K. Glassman Posted: Monday, April 18, 2005,pubID.22321/pub_detail.asp

4/28/05 The Economist: "A Bottomless Beer Mug: Why the World is not
Running Out of Oil." Excerpt:

"Peter O'Dell of Rotterdam's Erasmus University points out that since 1971,
over 1500 billion barrels of oil have been added to our worldwide reserves.
Over the same 35-year period, under 800 billion barrels were consumed. One
can argue for a world which has been running into oil rather than running
out of it. What makes the estimates go up continuously is a combination of
economics and innovation. The IEA explains the process this way. Reserves
are constantly revised in line with new discoveries, changes in prices, and
technological advances. These revisions invariably add to the reserve base.
A few decades ago the average oil recovery rate from reservoirs was 20%.
Thanks to remarkable advances in technology this has risen to about 35%

The New Age of Discovery.

"But there is a more practical fallacy embedded in the gloomy forecast,
too. 'I challenge the idea that the era of discovery is over in oil,' says
one expert. Thanks to the Cold War and other political constraints on
western investment, much of the world has yet to be explored with the aid
of the latest technologies. Most of the oil still undiscovered thanks to
the Cold War and other political constraints on western investment, called
environmentalism. New word for political constraints on western investment,
environmentalism. Already, the industry, (the oil industry), is exploring
underwater at depths that were unimaginable a decade or two ago. In the
Gulf of Mexico and elsewhere, oil rigs now float atop 3,000 meters, or
10,000 feet of water. These marvels of engineering [capitalism] are stuffed
with the latest in robotics, electronic sensors, and satellite equipment
using fancy multilateral wells that twist and turn in all directions, they
can hit giant underwater oil pockets miles away from the rigs." ...."

Lots more here:
<>There's No Oil
Shortage May 3, 2005

Oil, Oil Everywhere
The Wall Street Journal Opinion Journal ^ | Sunday, January 30, 2005 12:01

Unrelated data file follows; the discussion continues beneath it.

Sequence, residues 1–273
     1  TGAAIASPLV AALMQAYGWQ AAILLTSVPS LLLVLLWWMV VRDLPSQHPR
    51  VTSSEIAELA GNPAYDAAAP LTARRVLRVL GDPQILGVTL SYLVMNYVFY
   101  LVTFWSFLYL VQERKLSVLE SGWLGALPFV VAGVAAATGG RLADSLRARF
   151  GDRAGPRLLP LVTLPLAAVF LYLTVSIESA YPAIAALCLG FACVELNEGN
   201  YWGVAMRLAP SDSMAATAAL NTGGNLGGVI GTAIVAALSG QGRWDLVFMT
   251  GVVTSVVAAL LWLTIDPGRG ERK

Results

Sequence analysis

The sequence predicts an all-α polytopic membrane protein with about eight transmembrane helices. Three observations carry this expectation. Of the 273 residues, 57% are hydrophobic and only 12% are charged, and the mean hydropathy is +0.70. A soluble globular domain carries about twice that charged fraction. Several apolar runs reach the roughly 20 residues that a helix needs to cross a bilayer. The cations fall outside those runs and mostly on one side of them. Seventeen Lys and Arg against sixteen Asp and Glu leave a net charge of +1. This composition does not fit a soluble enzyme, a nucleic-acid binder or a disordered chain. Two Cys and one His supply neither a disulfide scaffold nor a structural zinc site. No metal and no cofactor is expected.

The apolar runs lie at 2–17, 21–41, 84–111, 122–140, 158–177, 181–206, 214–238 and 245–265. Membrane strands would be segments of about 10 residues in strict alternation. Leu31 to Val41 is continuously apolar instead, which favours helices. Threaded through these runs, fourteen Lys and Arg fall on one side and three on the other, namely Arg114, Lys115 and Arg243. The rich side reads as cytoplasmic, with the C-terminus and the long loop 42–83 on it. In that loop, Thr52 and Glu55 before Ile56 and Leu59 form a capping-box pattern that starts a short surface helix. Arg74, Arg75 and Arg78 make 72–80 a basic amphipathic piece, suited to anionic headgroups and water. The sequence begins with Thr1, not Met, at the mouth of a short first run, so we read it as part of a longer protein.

a.m. EST | PETER HUBER AND MARK MILLS Posted on 01/30/2005 10:24:37 AM CST
by Woodworker

Also, another idea:

Anything into Oil (solution to dependence on foregn oil?)
DISCOVER Vol. 24 No. 5 ^ | May 2003 | Brad Lemley
Posted on 04/21/2003 7:57:41 AM CDT by honway

"......60 percent of America's petroleum supplies come from foreign
countries (24 percent is imported from Persian Gulf countries, including 6
percent from Iraq) - increasing to 64 percent by 2020. Our national
security, let alone our economy, must not be captive to volatile and
unreliable sources of energy. Keep in mind that in 1973, when only 36
percent of our supply was imported, OPEC was able to create an energy
crisis here by cutting supply and driving up prices.

Nearly 70 percent of oil reserves and 50 percent of gas reserves are
located on government lands. By 2020, U.S. oil and gas consumption will
increase by more than 30 percent and 60 percent, respectively. A labyrinth
of statutes, regulations and lawsuits have made access to these resources -
whether in the Alaska National Wildlife Reserve, the continental United
States, or off the coasts of California and Florida - extremely difficult
and costly.

Furthermore, a major refinery hasn't been built in more than 20 years, the
Environmental Protection Agency mandates a large variety of petroleum
blends for different parts of the country, and more pipeline delivery
systems are needed. The construction of power plants isn't keeping pace
with electricity demand, which will increase by 45 percent in 2020. And
there hasn't been a nuclear power plant licensed since 1979." ~ Rush
Limbaugh Thursday, January 10, 2002
Received on Wed Aug 24 00:00:33 2005